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Interesting CppUnit breakage.

I had a fascinating experience with CppUnit just now.  I'm building a 
little ICMP Ping class using CppUnit in a test-first mode.  The class 
can be called with either an IP address or a hostname.  First I wrote a 
test for the IP address code:

    void getIpAddressNumeric() {
        const string stringAddress ("192.168.2.65");
        in_addr_t numericAddress = inet_addr (stringAddress.c_str());
        Pinger p (stringAddress);
        struct sockaddr_in address = p.getIpAddress();
        CPPUNIT_ASSERT (address.sin_family == AF_INET);
        CPPUNIT_ASSERT (address.sin_addr.s_addr == numericAddress);
    }

and then wrote the code to make that test pass.  Next, I wrote a test 
for hostnames:

    void getIpAddressName() {
        const string name ("bonkers");
        in_addr_t numericAddress = inet_addr ("192.168.2.65");
        Pinger p (name);
        struct sockaddr_in address = p.getIpAddress();
        CPPUNIT_ASSERT (address.sin_family == AF_INET);
        CPPUNIT_ASSERT (address.sin_addr.s_addr == numericAddress);
    }

and ran it, expecting it to fail.  It *had* to fail, since I hadn't 
written the hostname processing code yet, right?.  Amazingly enough, it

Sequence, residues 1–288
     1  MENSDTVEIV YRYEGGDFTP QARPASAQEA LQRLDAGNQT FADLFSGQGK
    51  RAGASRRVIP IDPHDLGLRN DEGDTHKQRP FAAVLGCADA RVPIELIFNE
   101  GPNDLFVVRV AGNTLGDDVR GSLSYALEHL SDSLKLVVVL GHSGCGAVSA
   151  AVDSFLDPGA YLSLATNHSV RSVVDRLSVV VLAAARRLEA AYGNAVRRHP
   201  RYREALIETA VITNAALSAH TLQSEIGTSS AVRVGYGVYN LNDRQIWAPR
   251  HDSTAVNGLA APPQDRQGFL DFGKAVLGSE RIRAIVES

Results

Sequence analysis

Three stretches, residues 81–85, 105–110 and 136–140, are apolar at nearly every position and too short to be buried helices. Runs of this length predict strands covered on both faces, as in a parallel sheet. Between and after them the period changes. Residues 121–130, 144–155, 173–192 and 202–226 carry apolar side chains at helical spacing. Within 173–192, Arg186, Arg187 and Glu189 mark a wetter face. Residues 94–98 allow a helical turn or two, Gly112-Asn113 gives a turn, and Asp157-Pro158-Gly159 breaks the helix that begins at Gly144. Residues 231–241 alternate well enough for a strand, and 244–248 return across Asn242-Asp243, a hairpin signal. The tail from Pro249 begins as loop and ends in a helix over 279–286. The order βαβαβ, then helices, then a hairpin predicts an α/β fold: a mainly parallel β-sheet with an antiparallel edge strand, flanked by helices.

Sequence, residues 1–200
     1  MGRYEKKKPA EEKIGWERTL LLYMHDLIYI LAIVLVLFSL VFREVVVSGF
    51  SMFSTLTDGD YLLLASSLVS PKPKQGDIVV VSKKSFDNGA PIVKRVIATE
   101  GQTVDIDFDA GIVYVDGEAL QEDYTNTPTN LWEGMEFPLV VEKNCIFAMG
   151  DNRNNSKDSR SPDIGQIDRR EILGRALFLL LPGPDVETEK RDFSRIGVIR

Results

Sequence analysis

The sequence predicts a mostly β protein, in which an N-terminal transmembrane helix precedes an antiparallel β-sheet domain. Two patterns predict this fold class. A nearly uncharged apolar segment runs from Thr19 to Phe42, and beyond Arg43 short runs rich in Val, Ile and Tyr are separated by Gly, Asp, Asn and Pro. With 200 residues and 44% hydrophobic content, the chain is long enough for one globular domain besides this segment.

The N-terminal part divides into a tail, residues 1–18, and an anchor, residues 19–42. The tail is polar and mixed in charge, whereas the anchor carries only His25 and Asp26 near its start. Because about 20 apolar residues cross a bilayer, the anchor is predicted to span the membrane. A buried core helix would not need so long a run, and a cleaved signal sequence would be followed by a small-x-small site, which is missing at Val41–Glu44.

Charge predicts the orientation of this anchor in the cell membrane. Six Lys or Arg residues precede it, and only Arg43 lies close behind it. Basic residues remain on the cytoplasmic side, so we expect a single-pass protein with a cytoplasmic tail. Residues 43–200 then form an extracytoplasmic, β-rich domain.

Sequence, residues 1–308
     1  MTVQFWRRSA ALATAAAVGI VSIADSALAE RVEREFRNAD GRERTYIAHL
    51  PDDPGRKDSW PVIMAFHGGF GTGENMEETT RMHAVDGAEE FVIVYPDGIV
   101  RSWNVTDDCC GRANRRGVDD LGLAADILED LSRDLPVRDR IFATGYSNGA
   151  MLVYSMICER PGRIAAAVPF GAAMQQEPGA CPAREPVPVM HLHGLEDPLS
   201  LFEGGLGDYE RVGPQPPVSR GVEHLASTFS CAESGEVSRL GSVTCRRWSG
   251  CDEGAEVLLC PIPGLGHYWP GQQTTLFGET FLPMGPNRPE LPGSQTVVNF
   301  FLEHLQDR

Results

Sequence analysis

didn't.

To make a long story short, what's going on is the two test cases each 
instantiate a Pinger object on the stack, and they both ended up at 
exactly the same place in memory (confirmed by printing &p).  The second

test case resulted in a short-circuit return in the (not yet completely 
written) constructor, but I ended up with an accidentally initialized 
object left over from the previous instantiation.  A strategic call to 
bzero() in the constructor does indeed cause the second test case to 
fail.

I guess the moral here is that you shouldn't assume your code is correct

just because the test cases work.  Forget correct, don't even assume 
that it exists :-)

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Roy
6/29/2003 10:23:20 PM
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Do many compilers have an option to zero out unallocated memory before
it is used for constructing objects?  That would have caught your bug.

If you're worried that zeroing out memory would tend to conceal more
bugs than it reveals, maybe the compiler could fill the memory with
random bytes before letting the constructor do its work.

-- 
Ed Avis <ed@membled.com>


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Ed
6/30/2003 6:31:16 PM
I stumbled across a similar problem once.

The object on the stack had a pointer to an optional component.
Unfortunately the respective constructor did _not_ initialise the
pointer to zero _and_ the destructor did not set it to zero after
deleting it, so when a second incarnation of the object lived at the
same address, its call to delete rose a segmentation fault. (I did not
write that code of course ;-)

The morale, I think would be to always initialise all members
correctly in the constructor, actually not very groundbreaking news.

You could have an additional test case for that, too ;-).

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marc
7/1/2003 7:33:48 PM
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